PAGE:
"I totally disagreed with the decision. And I heard somebody say there were no words (between Wyche and I on the sideline). There were words. There were words on my part. I expressed my frustration. I expressed my disappointment."
Wyche, expected to be let go after four years on the job, finishes with a 23-41 (.359) record in Tampa Bay. He would become the first Bucs coach to lose his finale when it was played at Tampa Stadium. John McKay, Ray Perkins and Richard Williamson all won their final game as Buc coach at home.
As a further indignity, if the Jets score six points today against New Orleans, the Bucs will finish the season with the lowest-scoring offense in the NFL (238 points).
This was no ordinary meaningless regular-season finale, the type you had come to expect from Tampa Bay.
Besides having a shot to go 8-8 and post the team's first non-losing season since 1982, the Bucs were playing what might be their last game at Tampa Stadium.
"This is my fourth year, and I have a lot of fond memories in that stadium," Bucs defensive end Santana Dotson said. "And you couldn't help, especially in the second half, to think about it. To think, where will I
be? Where will some of my teammates be? Where will the Bucs be? Those are the questions that I can't answer. I don't believe anybody in this room can answer."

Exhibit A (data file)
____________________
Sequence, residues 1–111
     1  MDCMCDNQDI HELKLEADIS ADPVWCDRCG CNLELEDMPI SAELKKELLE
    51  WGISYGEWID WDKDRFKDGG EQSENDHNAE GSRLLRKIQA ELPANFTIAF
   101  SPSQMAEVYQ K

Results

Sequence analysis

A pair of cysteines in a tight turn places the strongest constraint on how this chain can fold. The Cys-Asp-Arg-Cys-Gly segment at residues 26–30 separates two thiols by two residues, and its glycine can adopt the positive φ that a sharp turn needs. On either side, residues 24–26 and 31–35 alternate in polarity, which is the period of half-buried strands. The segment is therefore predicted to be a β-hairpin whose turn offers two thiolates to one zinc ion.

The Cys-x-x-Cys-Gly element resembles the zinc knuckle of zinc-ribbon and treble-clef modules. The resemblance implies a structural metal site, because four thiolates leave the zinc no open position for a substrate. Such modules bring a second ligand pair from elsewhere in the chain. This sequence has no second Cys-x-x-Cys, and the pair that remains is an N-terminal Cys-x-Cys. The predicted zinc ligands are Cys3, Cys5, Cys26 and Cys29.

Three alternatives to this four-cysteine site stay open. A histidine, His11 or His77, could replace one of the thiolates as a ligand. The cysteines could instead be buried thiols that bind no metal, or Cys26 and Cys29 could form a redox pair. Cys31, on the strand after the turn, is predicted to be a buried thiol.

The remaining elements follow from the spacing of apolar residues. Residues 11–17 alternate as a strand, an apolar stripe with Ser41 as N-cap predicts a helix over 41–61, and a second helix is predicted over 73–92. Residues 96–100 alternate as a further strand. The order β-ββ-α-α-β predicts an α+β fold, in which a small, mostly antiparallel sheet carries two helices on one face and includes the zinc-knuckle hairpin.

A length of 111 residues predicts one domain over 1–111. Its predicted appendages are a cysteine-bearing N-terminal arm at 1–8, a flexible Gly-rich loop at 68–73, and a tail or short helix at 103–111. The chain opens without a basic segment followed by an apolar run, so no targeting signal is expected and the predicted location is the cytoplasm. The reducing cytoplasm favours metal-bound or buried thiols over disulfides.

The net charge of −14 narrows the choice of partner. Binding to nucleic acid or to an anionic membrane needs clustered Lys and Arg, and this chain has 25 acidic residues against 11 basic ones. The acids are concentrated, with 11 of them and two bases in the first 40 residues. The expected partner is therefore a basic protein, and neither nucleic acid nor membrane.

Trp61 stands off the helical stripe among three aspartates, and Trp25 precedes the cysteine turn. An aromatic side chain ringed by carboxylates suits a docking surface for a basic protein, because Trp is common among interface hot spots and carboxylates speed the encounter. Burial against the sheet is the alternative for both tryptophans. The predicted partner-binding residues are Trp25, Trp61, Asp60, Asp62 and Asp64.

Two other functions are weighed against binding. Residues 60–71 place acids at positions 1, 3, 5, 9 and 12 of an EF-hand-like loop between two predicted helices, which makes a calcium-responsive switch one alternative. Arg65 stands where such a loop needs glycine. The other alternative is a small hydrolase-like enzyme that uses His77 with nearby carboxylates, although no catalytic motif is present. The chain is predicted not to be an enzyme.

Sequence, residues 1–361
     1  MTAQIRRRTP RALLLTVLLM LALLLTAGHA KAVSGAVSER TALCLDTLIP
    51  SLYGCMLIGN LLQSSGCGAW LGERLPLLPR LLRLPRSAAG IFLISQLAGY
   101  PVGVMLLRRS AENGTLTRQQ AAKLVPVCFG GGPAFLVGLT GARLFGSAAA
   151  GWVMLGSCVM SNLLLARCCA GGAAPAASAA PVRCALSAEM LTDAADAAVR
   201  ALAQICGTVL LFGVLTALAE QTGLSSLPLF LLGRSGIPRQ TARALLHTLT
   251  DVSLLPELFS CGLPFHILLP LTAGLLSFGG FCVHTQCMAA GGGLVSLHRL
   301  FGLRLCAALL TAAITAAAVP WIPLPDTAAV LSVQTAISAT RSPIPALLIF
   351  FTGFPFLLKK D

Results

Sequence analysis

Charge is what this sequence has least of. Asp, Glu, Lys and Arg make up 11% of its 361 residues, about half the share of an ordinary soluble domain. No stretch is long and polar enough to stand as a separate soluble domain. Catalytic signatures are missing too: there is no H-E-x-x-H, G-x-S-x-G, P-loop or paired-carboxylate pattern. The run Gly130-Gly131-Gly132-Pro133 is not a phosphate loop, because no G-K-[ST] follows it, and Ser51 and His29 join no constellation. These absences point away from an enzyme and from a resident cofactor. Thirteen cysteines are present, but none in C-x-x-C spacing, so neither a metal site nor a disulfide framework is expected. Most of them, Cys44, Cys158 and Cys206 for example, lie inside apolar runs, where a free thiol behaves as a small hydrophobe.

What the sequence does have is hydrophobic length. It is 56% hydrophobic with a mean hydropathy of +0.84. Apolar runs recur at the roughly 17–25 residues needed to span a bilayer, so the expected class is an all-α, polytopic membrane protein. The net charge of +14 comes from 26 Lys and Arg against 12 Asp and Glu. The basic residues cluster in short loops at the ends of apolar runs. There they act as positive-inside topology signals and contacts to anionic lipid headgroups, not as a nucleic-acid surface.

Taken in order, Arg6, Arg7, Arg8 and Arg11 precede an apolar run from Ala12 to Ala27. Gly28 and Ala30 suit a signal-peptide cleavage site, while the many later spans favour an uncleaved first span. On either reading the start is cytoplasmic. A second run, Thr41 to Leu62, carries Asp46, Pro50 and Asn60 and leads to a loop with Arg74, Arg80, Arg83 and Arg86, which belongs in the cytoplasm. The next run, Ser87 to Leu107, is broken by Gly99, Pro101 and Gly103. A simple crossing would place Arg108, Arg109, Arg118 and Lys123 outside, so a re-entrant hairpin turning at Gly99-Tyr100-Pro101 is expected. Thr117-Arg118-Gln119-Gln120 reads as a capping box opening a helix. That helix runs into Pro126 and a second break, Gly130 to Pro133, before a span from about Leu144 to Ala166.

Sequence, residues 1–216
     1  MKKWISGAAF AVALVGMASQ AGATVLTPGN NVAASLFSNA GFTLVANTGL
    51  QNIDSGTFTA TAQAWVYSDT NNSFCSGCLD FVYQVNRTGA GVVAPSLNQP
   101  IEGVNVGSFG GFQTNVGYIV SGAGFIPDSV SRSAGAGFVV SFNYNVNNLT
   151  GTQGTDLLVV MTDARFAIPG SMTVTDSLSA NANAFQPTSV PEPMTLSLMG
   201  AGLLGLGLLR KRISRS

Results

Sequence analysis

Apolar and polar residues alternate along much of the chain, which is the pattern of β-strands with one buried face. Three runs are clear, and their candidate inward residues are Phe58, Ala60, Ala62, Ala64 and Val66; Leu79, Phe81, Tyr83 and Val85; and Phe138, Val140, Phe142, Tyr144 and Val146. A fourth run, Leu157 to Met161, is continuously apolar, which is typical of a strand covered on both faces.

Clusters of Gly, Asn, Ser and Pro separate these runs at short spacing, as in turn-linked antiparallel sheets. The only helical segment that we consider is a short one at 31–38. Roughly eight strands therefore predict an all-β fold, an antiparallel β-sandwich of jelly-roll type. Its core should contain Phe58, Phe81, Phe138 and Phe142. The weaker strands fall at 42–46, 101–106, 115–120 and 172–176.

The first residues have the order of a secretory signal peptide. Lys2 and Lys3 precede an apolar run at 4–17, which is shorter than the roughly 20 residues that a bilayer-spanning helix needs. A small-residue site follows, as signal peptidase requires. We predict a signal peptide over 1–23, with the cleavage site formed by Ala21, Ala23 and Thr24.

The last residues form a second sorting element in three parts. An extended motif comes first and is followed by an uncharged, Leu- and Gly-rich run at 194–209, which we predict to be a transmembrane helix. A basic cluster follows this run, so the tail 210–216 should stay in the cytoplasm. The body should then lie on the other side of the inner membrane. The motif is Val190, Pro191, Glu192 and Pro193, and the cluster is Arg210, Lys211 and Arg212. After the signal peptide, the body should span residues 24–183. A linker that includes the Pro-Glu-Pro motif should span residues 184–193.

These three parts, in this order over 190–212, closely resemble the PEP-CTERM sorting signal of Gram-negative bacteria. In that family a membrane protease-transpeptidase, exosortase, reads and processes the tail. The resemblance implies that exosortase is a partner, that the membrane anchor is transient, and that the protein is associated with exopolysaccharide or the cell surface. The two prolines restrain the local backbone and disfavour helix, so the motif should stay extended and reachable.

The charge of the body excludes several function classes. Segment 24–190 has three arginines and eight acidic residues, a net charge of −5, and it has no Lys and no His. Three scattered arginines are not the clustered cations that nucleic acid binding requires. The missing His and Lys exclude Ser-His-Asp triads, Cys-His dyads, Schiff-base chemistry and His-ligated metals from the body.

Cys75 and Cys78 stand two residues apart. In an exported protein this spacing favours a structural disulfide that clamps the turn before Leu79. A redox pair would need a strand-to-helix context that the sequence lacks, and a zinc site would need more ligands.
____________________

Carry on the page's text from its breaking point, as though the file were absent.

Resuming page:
Detroit raced to a 17-0 lead early in the second quarter and cruised home. The Lions, who won their seventh straight game, improved to 10-6 and could win the NFC Central if Pittsburgh (11-4) upsets Green Bay (10-5) today. Detroit passed for 348 yards, with receivers Herman Moore (10 catches for 105 yards) and Brett Perriman (five for 135) going over 100 yards together for the fifth time this season.
The Bucs held Barry Sanders to 48 yards in 18 carries, but quarterback Scott Mitchell torched them for 352 yards, two touchdowns and one interception. The Lions got touchdowns out of receiver Johnnie Morton (5-yard reception), Perriman (91-yard reception, the longest ever against the Bucs), right defensive end Tracy Scroggins (81-yard fumble recovery), and Mitchell (1-yard run). Jason Hanson added field goals of 33, 39 and 45 yards.
"We started pretty fast at 5-2, and the wheels just kind of fell off," said linebacker Hardy Nickerson, the team MVP in a vote by the writers who regularly cover the team. "Something's got to happen. We didn't get anything done this year. We won one more than we did last year. We didn't lose 10 games, but we still didn't make anything happen. We didn't make anything worthwhile happen in this season."
Nickerson, who is a free agent in February, said his return is not assured.
"I don't know if I'll be back here," he said. "It was pretty tough playing three years. Obviously you wanted to leave here with a win. I'd be sitting here at least with a half-smile on my face. But we didn't do that today. We stunk up the joint."
Even more apt was the description used by Weldon, who recalled the promise this season once held.
"I'm disappointed in the way I played and especially that we lost," he said. "But I tell you what, as soon as we get some stability around here, it'll help. When we really get a new day in Tampa Bay. Because it hasn't started yet."